WASHINGTON-After seven weeks of showdown anticipation, you could almost hear the collective disgusted sighs among the nation's conservatives this week when Sen. Lindsey Graham handicapped the Sonia Sotomayor hearings.
"Unless you have a complete meltdown, you are going to get confirmed," the South Carolina Republican matter-of-factly told the woman vying to become the nation's first Hispanic Supreme Court justice.
Such deflating prognosticating is not what conservative groups expected from a top Republican during Round 1 of the Senate Judiciary Committee's confirmation hearing for President Obama's first Supreme Court pick. These groups, frustrated by what they see as a national acceptance-even among Republicans-that Sotomayor's nomination was a slam-dunk, have implored conservative senators to pick up their attack game.
Seeing this week's televised debates as a chance to lay out for voters the stark differences in judicial philosophies between an Obama judge and a conservative judge, the seven Republicans on the committee eventually did press Sotomayor about her left-leaning positions on racial preferences, property rights, and gun ownership. But the two days of questioning left many conservatives wondering just who is the real Sotomayor?
Starting with her brisk seven-minute opening statement, Sotomayor the nominee tried to distance herself from Sotomayor the 17-year veteran judge.
"The task of the judge is not to make the law. It is to apply the law," she said in contradiction to a past statement where she said the nation's appeals courts are "where policy is made."
Sotomayor then proceeded to distance herself from President Obama's own criteria for selecting a justice: that judges should employ feelings of empathy. This has become a rallying point for conservatives who stand for objectivity of the law. But don't fear, Sotomayor the nominee exclaimed.
"I wouldn't approach the issue of judging the way the president does," Sotomayor asserted. "The job of the judge is to apply the law."
Has reading all the media analysis of her legal past changed Sotomayor, or is she just doing what she needs to do to sail through confirmation and take a seat on the bench this October?
"If you had to sum up the week, the hearings were all about denial," observed Curt Levey, the executive director of the Committee for Justice. "She's pretty much denied the plain meaning of everything she's said in the past."
That includes backpedaling from her most infamous remark, in a 2001 speech, that a "wise Latina" judge would make better decisions than a white male.
She dismissed the comment by calling it a misunderstood "rhetorical flourish that fell flat." She even used the conservative judicial tenet of following court precedent to explain away her most controversial ruling, reversed by the Supreme Court last month, against a group of Connecticut firefighters who were denied promotions after no blacks passed the qualifying test.
"Who are we getting here?" Graham asked, during his heated questioning about Sotomayor's judicial temperament, an apparent attempt by Graham to make amends to conservative activists for his earlier comment. "That's what we are trying to figure out."
Manuel Miranda, the chairman of the conservative Third Branch Conference, said Sotomayor's rejection of Obama's own standard and the representation of herself as a judge restrained by the Constitution and the law provide a strategic opening for conservatives. It is now up to Senate Republicans, he said, to tie the hand of Obama by using Sotomayor's answers as the benchmark for his future nominations.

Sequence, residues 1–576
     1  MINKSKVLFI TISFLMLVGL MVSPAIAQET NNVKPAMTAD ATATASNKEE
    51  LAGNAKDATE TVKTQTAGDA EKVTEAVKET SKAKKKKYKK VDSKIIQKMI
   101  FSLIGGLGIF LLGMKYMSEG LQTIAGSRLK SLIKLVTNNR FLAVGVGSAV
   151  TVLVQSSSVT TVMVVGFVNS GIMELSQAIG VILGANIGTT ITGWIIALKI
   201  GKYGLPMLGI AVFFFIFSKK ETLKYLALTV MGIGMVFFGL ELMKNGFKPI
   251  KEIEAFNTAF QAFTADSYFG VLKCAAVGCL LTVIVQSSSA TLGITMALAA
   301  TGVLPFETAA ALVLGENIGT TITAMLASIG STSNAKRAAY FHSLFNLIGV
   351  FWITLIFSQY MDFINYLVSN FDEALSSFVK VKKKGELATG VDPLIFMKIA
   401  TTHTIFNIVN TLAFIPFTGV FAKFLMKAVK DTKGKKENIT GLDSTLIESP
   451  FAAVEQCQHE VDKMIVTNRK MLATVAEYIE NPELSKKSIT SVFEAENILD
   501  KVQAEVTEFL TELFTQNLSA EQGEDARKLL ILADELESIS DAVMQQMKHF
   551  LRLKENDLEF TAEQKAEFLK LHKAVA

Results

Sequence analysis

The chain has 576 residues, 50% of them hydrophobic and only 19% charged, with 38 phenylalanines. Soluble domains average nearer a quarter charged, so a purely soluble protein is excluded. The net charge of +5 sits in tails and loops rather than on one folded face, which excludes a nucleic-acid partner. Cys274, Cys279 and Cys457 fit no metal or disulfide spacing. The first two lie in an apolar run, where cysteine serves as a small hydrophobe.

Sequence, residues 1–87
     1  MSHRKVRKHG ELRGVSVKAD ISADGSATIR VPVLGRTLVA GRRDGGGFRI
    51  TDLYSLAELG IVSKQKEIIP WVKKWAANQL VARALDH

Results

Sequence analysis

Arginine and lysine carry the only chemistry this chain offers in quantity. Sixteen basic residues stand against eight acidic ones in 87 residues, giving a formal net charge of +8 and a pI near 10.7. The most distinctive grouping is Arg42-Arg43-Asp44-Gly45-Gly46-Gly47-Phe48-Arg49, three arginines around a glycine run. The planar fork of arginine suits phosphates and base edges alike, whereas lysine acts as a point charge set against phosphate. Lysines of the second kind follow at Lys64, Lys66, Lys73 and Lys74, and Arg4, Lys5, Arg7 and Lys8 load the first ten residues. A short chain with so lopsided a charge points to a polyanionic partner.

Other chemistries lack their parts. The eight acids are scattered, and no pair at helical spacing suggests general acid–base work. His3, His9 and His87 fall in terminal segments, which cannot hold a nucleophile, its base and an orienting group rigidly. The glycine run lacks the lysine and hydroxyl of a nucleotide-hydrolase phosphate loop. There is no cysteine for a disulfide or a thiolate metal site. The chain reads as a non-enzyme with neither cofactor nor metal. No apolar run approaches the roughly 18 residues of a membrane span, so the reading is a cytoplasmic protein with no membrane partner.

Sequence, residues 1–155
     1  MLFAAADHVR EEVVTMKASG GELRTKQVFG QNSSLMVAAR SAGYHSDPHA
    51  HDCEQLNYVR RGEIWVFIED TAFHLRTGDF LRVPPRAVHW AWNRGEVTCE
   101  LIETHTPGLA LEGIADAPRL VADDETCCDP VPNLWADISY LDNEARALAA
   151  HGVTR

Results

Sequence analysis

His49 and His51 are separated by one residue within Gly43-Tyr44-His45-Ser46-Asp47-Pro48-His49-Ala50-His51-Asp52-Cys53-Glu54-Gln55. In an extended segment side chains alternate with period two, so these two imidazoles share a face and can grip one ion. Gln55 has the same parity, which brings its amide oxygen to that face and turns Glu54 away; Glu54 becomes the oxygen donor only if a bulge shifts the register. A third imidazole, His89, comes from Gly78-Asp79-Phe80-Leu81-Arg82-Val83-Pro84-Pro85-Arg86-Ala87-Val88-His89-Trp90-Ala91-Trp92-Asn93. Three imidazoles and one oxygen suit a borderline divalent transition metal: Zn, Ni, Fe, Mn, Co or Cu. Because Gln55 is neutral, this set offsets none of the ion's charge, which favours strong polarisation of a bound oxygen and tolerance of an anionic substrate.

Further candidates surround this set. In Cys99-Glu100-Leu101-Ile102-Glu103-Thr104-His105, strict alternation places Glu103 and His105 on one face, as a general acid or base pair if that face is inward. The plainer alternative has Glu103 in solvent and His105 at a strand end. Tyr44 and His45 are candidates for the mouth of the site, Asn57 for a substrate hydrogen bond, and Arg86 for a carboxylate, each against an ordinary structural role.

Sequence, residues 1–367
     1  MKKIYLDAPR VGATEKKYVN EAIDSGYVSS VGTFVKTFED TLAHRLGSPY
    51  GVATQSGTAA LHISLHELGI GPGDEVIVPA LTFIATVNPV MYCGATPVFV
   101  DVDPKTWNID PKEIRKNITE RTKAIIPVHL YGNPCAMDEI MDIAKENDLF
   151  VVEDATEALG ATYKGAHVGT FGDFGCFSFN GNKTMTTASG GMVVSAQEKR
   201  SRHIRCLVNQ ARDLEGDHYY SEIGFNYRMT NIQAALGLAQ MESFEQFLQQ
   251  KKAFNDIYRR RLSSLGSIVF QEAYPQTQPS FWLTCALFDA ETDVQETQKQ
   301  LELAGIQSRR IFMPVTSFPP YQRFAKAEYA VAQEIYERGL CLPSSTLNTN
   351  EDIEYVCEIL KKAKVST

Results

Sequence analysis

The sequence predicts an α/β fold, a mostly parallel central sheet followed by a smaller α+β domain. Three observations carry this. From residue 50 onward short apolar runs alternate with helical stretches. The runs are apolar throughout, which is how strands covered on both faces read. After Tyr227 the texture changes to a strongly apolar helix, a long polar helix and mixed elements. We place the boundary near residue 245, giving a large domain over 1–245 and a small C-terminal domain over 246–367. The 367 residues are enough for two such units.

Miranda added that Republicans have been savvy to limit their themes to issues likely to bring voters to the polls in 2010 and 2012, such as gun ownership and abortion. However, he did not single out many senators for being courageous or bold during questioning.
Granted, Republicans on the committee had to engage in a difficult dance of questioning Sotomayor while not alienating the nation's growing Hispanic voting block. This often took the form of calm questions sprinkled with humor.
One area Republicans did not shy away from was abortion, where Sotomayor does not have an extensive record. However, while acknowledging that Obama did not ask her about abortion, Sotomayor declined to outline her own views.
"I can't answer that in the abstract," she said on at least two occasions while Sen. Tom Coburn, R-Okla., an obstetrician, peppered her with right to life questions. Sotomayor did say Roe v. Wade, the 1973 court decision legalizing abortion, is established law.
In a letter to the committee, the Southern Baptists' Ethics and Religious Liberty Commission wrote that Sotomayor's 12-year involvement with the liberal Puerto Rican Legal Defense and Education Fund, which filed briefs in at least six prominent court cases in support of abortion rights, "raises serious questions about her commitment to pro-life values."
Meanwhile the Baptist Joint Committee for Religious Liberty reported that Sotomayor's judicial writings "do not provide complete assurance to those who are most concerned about religious freedom rights."
Levey said these issues, coupled with her sidestepping of questions about her Second Amendment stance, could scare off a number of red state Democrats from voting on her when she goes before the full Senate, which could occur as early as August.
Still, while conservatives may not like to hear it, Graham may end up being right: Despite her troubling past statements and confusing recent disavowals of them, Sotomayor, after a largely drama-free hearing week, is likely going to get confirmed as the next justice of the Supreme Court.